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Do you suffer from nearsightedness, farsightedness, or astigmatism? Do you find glasses or contacts cumbersome or uncomfortable, and wish you could reduce their prescription or discard them?
 
If you answered “YES” to either of these questions, you may be a good candidate for LASIK or other vision corrective surgery. Before the decision can be made however, you must have an eligibility exam and consultation.
 
Doctors  Deutscher and Rottinghaus will ask questions about your medical history and give a thorough eye exam designed to determine if the procedure is appropriate for your individual case. The doctor’s will also talk about the benefits, risks, available options, and preparation and recovery associated with the surgery to ensure that your goals and expectations are realistic.

LASIK

LASIK (laser assisted in-situ keratomileusis) is the most commonly performed and well known vision correction surgery. Using an excimer laser, the doctor re-shapes the cornea (the stationary refractive element at the front of the eye) so that images are focused to the correct spot on the retina (the light receptor of the eye). The success rate with this procedure is excellent, with most patients achieving 20/20 vision or better upon completion.

The LASIK procedure itself involves little or no discomfort (or pain) both during the procedure and through the recovery process. Also, eyesight improvement is almost immediate, and maximum vision is typically achieved within a few days.

Reasons to consider LASIK:

• Nearsightedness (myopia).

• Farsightedness (hyperopia).

• Astigmatism (irregularly shaped cornea).

• Desire to decrease or eliminate dependence on glasses or contacts.

The Procedure

During the procedure, the doctor first administers a local anesthetic via eye drops, so the patient will feel no pain during the surgery. A speculum is then placed over the eye to prevent the patient from blinking. Next, the surgeon cuts an extremely thin flap from the outer layer of the cornea, using a microkeratome (a small blade specially designed for this purpose). The flap is folded to the side, and the excimer laser, programmed with the individual map of the patient’s eye, removes excess tissue with quick pulses of concentrated light. This process usually takes less than a minute. Once this is done, the doctor folds the flap back into place and surgery is complete.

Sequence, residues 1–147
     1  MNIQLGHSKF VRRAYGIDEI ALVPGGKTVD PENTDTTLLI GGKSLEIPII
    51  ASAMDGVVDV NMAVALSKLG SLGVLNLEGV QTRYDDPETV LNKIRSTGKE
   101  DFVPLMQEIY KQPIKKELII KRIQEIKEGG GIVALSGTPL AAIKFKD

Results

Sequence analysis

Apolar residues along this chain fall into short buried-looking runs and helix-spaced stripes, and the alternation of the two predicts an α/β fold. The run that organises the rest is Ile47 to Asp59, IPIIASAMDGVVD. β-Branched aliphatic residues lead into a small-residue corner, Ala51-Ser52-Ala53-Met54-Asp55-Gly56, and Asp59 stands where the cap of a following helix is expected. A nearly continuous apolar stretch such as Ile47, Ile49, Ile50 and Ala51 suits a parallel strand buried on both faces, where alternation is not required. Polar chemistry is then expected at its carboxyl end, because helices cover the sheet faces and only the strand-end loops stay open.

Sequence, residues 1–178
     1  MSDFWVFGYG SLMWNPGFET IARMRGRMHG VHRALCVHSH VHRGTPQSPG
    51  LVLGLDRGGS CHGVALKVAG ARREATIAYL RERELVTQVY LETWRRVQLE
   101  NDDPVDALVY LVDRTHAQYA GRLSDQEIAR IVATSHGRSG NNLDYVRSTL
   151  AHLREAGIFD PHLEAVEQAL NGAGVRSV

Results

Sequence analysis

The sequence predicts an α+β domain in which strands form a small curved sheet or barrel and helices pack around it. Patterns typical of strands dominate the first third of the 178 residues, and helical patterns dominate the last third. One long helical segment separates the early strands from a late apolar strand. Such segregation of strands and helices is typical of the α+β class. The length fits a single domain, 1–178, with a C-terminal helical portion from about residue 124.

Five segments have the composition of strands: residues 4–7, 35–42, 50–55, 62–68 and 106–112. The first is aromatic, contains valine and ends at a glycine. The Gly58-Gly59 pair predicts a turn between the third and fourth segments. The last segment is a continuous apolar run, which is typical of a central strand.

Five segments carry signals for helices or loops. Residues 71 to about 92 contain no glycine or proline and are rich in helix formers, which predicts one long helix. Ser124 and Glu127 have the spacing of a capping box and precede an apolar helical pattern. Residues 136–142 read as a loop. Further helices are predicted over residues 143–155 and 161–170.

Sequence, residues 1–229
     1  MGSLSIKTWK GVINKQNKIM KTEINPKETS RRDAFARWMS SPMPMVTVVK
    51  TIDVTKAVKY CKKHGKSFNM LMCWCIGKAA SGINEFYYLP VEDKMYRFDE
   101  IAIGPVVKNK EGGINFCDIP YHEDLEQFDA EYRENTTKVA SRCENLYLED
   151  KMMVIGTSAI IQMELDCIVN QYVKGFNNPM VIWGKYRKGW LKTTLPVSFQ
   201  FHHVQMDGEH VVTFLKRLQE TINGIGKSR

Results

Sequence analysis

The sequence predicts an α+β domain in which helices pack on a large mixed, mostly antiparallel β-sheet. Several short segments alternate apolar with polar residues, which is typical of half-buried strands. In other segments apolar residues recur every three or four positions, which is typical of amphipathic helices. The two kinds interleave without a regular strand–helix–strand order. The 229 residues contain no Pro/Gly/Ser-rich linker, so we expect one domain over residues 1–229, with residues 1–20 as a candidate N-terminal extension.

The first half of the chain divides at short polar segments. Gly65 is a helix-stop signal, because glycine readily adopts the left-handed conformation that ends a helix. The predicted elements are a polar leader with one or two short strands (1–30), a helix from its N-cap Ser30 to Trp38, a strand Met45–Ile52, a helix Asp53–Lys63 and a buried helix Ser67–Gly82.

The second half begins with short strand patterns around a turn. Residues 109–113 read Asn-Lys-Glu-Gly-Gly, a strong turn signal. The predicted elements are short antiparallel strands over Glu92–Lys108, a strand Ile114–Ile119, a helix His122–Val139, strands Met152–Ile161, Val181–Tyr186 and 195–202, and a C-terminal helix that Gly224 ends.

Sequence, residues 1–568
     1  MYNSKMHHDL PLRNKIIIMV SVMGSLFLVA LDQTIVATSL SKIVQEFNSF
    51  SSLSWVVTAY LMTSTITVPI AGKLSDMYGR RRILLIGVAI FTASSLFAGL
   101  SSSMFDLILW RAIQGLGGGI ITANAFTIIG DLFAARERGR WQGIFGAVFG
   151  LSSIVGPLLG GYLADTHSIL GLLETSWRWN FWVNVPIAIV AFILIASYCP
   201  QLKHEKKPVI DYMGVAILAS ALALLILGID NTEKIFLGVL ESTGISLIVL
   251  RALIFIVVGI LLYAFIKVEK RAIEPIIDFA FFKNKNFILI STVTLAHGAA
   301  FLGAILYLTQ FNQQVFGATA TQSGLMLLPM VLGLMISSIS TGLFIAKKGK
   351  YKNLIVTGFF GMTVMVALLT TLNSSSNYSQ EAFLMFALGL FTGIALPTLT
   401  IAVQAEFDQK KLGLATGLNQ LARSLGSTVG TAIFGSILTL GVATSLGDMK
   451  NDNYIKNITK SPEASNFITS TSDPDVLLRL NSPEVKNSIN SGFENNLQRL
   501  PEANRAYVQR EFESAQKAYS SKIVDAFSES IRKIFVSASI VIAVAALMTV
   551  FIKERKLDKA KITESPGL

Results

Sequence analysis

The Recovery

The patient may go home shortly after the procedure; however, someone else must drive or alternate transportation must be arranged. Patients will be asked to get lots of rest, avoid any strenuous activities, and avoid rubbing the eye area for a period of time. There are follow up appointments with the doctor 24 to 48 hours after the procedure and periodically over the following weeks and months. Vision should dramatically improve in the first few days following surgery. The patient often may return to work in a day or two, though it is best to take a few days off to ensure a smooth recovery.

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